Will they pull it off? Time will tell.

Grand Theft Auto 4 is the last one on this list of to-be blockbusters, and it’s the one I know the least about, being one who isn’t into the GTA scene myself. From what I’ve seen of it, it looks very similar to past iterations but with that layer of polish that’s been lacking in the previous games. It also looks more story driven. I imagine Rockstar will put in plenty of new ideas while perfecting the GTA formula and getting rid of elements they think bogged the experience down. I’m sure this title will do just fine, though I do wonder just how well it will sell–you can bet on the 360 version selling more copies simply due to the hardware numbers. But who knows? Maybe GTA4 is what the PS3 needs to sell more units…? I doubt it myself.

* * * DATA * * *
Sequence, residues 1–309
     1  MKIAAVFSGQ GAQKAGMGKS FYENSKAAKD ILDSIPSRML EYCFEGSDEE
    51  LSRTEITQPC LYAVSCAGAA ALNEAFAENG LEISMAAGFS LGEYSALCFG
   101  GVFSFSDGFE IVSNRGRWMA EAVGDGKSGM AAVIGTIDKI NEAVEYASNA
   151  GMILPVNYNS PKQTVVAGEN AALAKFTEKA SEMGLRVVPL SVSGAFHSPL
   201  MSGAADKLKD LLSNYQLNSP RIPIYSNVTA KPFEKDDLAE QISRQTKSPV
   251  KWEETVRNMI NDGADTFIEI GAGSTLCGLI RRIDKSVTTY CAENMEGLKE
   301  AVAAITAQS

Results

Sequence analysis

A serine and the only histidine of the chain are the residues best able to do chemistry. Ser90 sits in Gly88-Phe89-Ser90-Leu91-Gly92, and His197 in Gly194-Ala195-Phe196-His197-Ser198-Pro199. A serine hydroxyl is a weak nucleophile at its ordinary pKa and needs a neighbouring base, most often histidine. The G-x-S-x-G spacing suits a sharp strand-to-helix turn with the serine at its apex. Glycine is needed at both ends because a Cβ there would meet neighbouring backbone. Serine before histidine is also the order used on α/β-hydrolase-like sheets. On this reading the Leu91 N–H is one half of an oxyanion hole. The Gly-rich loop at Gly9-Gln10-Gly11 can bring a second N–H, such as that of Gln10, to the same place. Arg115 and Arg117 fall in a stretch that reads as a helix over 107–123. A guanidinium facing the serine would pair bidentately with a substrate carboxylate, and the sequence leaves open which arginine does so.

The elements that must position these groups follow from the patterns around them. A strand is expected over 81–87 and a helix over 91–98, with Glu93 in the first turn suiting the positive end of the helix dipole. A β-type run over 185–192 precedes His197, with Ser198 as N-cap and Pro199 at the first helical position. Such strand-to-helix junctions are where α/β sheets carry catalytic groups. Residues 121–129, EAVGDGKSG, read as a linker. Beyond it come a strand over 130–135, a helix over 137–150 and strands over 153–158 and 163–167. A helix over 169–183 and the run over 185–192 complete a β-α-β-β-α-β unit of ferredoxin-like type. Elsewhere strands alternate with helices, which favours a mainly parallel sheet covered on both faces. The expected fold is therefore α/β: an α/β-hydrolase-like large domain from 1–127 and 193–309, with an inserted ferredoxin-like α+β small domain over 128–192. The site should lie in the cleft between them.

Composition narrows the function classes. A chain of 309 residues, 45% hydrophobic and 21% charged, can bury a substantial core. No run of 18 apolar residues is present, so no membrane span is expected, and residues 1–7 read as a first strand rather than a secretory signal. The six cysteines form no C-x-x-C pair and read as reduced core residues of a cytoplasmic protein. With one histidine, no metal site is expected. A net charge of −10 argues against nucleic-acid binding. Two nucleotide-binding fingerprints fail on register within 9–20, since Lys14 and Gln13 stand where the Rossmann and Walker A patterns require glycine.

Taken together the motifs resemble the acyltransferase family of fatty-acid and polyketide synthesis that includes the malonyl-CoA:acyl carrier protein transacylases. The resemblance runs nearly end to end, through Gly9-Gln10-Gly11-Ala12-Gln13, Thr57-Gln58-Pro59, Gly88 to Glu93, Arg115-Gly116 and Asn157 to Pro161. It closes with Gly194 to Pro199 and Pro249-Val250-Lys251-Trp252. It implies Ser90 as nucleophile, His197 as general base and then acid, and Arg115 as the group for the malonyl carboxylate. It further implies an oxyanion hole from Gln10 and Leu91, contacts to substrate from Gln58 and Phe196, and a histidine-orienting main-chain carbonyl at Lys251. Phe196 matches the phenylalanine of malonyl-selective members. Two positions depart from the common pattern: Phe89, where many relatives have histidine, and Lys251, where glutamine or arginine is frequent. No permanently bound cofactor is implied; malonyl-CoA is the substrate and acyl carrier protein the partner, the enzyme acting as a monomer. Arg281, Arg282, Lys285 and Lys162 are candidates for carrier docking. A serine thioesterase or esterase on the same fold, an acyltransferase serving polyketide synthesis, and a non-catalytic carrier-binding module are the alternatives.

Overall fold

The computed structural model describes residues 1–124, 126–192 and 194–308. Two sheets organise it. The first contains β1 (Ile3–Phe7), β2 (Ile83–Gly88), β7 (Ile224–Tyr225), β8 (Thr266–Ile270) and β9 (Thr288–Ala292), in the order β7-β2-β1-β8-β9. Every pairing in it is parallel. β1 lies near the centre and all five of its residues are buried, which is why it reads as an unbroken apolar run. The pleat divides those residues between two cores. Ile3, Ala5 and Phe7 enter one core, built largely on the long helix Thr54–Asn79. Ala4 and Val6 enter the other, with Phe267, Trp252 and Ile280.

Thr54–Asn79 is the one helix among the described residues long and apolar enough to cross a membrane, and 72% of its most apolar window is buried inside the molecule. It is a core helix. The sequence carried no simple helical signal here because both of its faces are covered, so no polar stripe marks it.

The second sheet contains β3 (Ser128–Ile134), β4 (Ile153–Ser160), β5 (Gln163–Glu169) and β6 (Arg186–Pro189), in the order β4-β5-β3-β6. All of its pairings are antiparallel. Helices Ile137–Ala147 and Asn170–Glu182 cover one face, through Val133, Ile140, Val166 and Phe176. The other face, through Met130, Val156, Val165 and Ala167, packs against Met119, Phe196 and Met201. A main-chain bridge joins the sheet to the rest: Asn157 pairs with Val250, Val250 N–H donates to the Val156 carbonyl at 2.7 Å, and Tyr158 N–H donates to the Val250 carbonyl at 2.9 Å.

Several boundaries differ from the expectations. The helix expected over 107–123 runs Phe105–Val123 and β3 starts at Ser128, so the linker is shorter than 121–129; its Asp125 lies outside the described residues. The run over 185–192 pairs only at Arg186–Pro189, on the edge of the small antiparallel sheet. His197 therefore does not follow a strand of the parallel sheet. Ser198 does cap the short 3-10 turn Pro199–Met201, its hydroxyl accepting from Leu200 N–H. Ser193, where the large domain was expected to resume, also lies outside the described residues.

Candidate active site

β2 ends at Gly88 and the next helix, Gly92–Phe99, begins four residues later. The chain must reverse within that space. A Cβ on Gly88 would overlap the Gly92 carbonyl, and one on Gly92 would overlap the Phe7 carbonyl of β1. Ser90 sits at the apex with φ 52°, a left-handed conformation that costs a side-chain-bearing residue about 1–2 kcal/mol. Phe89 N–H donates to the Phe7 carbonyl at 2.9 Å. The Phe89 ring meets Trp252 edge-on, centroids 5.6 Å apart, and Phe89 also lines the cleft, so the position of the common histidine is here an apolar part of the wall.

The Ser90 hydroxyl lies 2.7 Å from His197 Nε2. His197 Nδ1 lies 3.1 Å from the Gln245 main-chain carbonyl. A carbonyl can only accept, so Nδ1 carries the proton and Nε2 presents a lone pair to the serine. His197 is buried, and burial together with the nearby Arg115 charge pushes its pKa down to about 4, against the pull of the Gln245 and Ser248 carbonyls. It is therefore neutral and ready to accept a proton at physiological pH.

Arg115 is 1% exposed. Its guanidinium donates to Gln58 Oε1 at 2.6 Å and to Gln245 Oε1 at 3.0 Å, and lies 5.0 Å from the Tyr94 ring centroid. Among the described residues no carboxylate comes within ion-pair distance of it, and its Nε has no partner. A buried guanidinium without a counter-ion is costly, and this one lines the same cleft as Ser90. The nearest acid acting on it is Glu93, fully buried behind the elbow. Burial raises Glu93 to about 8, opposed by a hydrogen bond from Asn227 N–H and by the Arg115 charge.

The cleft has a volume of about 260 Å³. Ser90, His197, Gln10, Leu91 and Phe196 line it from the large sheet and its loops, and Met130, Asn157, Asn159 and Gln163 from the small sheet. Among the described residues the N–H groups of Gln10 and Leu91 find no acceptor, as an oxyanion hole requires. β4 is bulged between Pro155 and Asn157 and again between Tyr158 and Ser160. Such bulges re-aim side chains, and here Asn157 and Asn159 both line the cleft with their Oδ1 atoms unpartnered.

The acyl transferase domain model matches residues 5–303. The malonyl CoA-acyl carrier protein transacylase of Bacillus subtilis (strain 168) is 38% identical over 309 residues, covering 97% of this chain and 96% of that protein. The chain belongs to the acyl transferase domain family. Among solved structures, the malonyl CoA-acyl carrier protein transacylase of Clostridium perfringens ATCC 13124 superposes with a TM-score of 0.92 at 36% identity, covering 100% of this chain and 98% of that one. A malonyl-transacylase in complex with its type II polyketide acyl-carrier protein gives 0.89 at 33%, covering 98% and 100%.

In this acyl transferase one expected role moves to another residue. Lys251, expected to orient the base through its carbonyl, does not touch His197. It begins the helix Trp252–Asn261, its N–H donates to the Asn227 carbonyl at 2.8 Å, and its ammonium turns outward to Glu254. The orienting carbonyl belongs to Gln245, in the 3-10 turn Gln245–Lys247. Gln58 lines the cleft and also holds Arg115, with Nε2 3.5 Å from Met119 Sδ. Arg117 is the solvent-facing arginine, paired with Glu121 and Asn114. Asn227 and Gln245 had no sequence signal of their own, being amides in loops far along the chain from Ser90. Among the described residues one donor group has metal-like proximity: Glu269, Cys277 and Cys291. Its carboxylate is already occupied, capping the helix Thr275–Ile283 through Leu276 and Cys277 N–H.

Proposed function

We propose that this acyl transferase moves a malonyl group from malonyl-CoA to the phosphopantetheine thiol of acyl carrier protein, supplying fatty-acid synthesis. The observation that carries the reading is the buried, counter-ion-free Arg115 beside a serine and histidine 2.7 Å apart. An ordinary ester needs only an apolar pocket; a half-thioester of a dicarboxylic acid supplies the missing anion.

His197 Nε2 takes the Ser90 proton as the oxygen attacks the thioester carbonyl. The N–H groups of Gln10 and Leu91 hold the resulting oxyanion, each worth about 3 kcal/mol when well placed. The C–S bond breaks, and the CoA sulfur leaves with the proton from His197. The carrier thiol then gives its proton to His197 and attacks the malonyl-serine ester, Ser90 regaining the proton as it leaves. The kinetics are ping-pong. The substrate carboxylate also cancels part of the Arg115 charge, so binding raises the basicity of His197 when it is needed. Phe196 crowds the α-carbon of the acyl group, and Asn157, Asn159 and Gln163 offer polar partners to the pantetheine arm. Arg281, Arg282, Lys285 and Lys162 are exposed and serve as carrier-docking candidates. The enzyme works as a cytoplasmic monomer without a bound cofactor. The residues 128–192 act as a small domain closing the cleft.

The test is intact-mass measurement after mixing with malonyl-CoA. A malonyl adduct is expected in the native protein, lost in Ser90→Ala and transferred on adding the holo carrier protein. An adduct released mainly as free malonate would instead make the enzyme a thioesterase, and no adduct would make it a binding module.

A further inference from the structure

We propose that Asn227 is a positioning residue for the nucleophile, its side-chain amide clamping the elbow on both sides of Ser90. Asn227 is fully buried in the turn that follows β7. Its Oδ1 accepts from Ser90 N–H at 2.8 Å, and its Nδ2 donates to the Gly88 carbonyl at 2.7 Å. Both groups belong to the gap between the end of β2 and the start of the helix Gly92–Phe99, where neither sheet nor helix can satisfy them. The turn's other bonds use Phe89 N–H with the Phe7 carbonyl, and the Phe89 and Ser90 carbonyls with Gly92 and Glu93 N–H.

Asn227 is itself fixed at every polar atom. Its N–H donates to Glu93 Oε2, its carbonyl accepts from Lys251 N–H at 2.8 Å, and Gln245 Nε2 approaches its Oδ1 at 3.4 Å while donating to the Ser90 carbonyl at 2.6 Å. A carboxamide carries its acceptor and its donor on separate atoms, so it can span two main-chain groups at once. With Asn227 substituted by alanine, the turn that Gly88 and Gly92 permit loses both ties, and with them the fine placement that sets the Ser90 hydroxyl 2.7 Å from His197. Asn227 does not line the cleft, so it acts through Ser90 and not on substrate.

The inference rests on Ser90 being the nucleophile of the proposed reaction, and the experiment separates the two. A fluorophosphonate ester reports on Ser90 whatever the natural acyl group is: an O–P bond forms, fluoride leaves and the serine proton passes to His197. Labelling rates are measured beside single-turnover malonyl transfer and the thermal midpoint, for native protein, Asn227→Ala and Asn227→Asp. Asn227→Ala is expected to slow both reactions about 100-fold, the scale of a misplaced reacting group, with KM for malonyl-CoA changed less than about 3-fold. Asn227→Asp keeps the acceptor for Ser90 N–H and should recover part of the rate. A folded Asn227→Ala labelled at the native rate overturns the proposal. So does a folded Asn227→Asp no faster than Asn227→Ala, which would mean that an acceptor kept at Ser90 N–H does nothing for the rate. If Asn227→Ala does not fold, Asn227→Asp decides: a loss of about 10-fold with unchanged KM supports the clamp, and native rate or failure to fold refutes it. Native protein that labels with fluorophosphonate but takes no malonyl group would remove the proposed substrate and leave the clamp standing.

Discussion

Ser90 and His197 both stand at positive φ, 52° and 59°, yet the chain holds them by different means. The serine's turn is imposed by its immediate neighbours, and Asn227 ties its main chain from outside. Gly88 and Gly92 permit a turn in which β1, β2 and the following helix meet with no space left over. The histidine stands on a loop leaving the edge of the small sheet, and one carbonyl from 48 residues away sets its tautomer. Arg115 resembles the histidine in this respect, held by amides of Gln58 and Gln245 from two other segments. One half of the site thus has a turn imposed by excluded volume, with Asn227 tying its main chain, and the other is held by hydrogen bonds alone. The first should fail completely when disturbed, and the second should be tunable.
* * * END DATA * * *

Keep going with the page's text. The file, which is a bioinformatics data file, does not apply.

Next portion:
How relevant is this series these days? Guess we’ll find out soon.

So there you have it. Some thoughts to ponder as we get prepared to see sequels of our favorite franchises. Will they refine enough to be worth our money and our wait? Will the more original ones offer up a fresh taste we haven’t experienced yet?

Either way, sequels are a tried-and-true business venture–let’s just hope developers take good care of our favorite franchises so we don’t see them going the way of blue hedgehogs.